In my last blog post, I wrote my thoughts that happy and sad coexist. Along the same lines, HP and I reminded each other that we need to experience our feelings fully. There is such a strong tendency to suppress and bury the dark. I’ve done it in the past as a coping skill. I’ll admit, this time around, it seemed like the best option. But an inner voice gave me permission to feel and experience it all with a gentle reminder from this voice, “just don’t dwell there”.

We relived the news by letting family and friends know. We relived the news in our minds. We seldom, if ever, thought about anything else. I asked HP if he had the energy to go through with our plans to visit best of friends in Atlanta. HP did not hesitate. He said, “I’m not going to stop doing fun things and making new memories.” We started the laundry and got repacked for Atlanta weather.

As it turned out, Atlanta weather was pretty much the same as Colorado weather. But it did not matter. We were with our friends who, over the years, have become family. We laughed, cried, reminisced, shopped, ate the best foods, drank the best wines, took pictures, went to the fanciest movie theatre I’ve ever seen, exercised (once 😊), and made the promise special friends make, “we will always be here for you, and we know you will be here for us, too”.

While in Atlanta, the PET/CT scan results were posted to his patient portal. The lingo we understand is in the summary, the cancer is active. Thankfully, we were still with our friends who experienced this news with us. Time with family friends has been a blessing.

Next week, we return to Houston. Our return date to Colorado is uncertain. We will consult with radiology and have our previously scheduled follow-up visit with oncology. They have hinted there will be more tests. Perhaps treatments.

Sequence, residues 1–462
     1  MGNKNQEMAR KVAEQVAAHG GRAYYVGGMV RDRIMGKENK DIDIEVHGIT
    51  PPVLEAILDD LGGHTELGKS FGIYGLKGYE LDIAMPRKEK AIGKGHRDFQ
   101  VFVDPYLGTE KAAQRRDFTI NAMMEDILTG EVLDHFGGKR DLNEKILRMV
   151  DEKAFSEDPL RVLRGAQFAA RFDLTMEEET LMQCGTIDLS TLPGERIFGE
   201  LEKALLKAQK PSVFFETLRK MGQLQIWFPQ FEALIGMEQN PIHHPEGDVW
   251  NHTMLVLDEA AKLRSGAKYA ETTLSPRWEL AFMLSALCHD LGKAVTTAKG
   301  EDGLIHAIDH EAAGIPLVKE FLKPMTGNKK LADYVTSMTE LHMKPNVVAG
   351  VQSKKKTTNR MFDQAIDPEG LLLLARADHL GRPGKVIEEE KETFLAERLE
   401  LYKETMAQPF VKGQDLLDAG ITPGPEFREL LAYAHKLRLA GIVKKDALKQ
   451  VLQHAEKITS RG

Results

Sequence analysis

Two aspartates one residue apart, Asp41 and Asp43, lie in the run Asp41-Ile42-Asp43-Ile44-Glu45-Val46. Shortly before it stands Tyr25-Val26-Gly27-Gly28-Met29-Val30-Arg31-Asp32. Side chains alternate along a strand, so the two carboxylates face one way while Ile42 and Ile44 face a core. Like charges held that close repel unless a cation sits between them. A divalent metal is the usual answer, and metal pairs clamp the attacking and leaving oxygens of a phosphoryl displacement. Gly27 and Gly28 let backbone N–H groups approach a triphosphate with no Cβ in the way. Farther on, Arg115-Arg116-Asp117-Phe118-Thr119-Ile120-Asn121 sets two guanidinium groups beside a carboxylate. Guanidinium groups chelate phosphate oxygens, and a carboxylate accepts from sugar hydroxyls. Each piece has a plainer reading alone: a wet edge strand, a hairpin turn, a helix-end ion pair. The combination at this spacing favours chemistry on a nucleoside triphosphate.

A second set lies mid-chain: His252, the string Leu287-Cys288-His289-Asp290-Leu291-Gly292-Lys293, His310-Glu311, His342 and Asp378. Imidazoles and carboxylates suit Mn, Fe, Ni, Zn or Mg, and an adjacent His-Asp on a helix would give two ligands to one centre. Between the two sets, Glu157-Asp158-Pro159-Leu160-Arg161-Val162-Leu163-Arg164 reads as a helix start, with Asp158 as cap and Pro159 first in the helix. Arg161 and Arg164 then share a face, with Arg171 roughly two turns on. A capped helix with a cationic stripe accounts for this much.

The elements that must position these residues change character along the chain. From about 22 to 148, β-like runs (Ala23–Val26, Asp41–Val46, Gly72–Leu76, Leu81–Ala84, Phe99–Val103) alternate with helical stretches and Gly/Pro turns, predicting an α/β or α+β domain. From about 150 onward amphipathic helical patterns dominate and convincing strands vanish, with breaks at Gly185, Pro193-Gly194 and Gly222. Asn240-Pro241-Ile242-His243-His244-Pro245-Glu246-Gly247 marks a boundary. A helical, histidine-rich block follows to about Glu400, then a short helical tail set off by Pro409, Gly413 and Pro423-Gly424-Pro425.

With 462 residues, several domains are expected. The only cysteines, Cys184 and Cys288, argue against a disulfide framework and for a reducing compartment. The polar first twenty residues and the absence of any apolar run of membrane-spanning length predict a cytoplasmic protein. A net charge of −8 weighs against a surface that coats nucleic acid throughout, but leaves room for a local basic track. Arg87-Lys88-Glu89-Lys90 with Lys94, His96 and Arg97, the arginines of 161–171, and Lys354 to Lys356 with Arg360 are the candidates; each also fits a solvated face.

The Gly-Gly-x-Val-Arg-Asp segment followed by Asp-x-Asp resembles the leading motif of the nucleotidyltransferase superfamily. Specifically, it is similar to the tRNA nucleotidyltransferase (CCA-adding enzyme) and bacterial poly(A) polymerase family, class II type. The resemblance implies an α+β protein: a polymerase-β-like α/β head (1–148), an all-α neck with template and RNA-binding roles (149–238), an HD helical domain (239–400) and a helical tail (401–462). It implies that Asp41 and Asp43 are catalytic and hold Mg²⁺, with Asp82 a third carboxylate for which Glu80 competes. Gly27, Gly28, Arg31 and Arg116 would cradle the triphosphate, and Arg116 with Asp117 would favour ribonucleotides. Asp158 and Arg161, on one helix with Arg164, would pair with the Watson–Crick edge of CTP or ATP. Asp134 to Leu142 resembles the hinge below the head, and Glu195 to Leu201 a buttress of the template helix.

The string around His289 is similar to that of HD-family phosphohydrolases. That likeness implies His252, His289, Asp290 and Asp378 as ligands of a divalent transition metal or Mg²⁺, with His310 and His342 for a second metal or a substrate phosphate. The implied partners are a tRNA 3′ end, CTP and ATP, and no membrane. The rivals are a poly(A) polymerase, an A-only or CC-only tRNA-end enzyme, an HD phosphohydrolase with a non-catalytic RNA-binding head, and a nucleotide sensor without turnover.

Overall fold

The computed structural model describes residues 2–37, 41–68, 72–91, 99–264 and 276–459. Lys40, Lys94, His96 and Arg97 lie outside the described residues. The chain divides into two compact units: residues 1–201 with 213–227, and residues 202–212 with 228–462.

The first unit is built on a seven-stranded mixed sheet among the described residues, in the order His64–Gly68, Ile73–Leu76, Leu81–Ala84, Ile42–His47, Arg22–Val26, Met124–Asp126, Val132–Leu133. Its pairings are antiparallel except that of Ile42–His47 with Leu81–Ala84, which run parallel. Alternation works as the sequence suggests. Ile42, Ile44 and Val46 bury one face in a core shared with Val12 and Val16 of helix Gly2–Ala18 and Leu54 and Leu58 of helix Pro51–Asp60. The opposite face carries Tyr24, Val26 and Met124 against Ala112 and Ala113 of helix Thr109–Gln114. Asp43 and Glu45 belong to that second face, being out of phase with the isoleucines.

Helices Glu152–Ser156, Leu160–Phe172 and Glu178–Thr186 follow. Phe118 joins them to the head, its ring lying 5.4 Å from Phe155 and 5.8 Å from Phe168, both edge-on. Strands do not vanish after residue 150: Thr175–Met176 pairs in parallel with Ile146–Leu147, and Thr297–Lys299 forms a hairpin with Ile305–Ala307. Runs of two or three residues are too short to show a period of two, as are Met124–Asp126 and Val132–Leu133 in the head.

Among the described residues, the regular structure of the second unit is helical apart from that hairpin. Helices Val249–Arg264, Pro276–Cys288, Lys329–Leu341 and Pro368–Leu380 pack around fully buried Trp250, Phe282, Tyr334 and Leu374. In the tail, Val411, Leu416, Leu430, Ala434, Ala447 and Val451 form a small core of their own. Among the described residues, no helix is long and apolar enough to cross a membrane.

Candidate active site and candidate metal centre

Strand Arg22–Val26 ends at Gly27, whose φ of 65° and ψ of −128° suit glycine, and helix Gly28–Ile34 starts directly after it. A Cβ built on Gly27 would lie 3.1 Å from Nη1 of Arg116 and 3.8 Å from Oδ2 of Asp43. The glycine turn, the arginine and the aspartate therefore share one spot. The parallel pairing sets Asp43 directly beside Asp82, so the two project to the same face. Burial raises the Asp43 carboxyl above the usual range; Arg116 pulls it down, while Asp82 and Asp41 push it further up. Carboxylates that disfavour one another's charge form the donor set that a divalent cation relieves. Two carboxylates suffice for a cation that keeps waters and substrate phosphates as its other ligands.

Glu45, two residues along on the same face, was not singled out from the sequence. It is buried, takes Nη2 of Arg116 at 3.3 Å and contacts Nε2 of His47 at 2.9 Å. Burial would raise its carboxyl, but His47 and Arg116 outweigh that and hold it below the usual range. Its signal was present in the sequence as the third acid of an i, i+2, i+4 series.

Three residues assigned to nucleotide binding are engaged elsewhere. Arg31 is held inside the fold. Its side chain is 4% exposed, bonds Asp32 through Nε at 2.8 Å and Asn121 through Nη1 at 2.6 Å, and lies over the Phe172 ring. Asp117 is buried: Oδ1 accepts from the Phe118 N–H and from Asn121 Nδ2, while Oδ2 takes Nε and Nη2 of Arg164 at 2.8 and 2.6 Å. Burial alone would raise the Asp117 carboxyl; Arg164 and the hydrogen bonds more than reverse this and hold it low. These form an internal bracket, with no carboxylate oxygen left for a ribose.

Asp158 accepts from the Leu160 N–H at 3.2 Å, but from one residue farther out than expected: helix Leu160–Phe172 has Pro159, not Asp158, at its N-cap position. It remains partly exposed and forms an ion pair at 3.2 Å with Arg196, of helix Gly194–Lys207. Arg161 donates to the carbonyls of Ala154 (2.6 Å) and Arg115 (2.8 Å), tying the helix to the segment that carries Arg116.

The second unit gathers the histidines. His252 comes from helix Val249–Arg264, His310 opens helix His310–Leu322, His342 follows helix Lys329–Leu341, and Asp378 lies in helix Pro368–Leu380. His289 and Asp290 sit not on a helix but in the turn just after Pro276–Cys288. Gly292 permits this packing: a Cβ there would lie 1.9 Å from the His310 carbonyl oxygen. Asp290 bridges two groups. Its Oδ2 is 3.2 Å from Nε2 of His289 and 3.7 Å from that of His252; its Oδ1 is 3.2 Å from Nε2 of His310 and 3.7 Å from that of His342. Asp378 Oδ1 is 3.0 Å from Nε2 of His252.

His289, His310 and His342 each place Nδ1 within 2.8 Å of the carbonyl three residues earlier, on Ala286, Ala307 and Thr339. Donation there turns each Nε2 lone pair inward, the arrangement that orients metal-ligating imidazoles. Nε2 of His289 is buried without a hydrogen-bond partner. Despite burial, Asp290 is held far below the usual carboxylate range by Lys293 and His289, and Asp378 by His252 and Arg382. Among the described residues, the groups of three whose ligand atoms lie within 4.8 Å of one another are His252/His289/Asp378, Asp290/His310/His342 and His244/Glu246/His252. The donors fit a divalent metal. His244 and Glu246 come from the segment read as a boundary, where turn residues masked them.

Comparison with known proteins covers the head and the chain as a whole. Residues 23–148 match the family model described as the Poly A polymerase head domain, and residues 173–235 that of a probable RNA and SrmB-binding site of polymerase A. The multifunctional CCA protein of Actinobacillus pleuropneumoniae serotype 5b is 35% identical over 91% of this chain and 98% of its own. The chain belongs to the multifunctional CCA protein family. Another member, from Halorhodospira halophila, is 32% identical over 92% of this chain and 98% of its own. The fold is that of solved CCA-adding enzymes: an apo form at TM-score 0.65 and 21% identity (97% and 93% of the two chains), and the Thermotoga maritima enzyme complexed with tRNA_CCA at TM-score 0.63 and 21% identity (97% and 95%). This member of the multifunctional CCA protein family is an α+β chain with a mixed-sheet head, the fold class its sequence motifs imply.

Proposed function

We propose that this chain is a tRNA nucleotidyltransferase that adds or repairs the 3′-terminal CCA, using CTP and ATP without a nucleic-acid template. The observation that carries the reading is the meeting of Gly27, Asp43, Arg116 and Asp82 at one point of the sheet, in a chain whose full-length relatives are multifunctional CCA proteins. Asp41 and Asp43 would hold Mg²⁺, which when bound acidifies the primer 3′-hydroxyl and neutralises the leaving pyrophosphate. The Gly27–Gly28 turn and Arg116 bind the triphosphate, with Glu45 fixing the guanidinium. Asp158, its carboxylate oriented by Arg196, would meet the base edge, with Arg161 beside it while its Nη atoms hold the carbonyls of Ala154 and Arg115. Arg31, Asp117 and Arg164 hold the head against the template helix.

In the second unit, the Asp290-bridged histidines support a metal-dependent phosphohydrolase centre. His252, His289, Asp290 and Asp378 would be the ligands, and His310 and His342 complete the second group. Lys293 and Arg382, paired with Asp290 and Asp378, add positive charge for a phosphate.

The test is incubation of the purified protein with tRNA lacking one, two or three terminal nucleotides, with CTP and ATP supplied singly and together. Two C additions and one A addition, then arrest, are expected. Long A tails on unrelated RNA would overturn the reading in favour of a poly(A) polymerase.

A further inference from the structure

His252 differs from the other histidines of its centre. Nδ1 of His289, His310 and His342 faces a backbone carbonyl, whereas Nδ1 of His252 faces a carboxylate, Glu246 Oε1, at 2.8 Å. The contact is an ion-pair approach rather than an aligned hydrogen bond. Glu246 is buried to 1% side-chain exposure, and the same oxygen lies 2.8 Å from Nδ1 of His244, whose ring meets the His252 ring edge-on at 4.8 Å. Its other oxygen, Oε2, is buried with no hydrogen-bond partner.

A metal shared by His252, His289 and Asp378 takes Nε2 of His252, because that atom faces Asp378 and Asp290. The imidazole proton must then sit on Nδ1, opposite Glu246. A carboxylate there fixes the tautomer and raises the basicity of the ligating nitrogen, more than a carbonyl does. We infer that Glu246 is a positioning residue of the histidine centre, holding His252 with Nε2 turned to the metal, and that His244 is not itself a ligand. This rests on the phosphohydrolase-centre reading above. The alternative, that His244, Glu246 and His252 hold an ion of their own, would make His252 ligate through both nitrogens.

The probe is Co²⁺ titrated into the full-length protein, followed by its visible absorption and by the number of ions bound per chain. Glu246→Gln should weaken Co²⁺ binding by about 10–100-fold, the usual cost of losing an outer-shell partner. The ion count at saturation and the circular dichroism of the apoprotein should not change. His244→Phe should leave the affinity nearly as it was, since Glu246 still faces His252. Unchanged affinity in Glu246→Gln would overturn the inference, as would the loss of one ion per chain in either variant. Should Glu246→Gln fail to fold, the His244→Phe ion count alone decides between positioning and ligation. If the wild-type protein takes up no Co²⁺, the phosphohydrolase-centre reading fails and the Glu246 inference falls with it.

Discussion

This weekend, we will rest, embrace peace and love, and I will surrender to the divine flow. Come Monday, we will enter the week with renewed energy and have our Hearts, eyes and ears wide open. And today, our eyes see more special times with friends and family on the horizon. What a beautiful sight that is.

Thank you, family who are friends, and friends who are family, for your love and support on this journey. You have said, “We will always be here for you”. I feel the same about you all, “I will always be here for you”. May peace be ever present for all of us.

Our Unplanned Journey Includes Polishing Rocks

Happy moments coexist with sad moments. Happy and sad moments are Great Moments. I am coming around to an understanding, truly understanding this, and learning to give equal amount of respect to the opposites. While listening to a podcast this morning on healing and thriving with cancer, a speaker/patient/survivor said, “Those who suffer have the wisdom. Whatever it is we are given, the friction of life will erode us to our beauty by living through it.”

Howard and I are getting a fair amount of time in the cosmic rock polishing tumbler. On the other hand, we also spend a fair amount of time living and shining. Like we did on our 4,000-mile road trip. A good friend said cancer didn’t exist on the road. And, it’s true. We continued to seek out natural food stores and restaurants. It was fun, because high quality, alive, humanely raised, organic ingredients are now our chosen lifestyle. I will not ever go back to my old ways.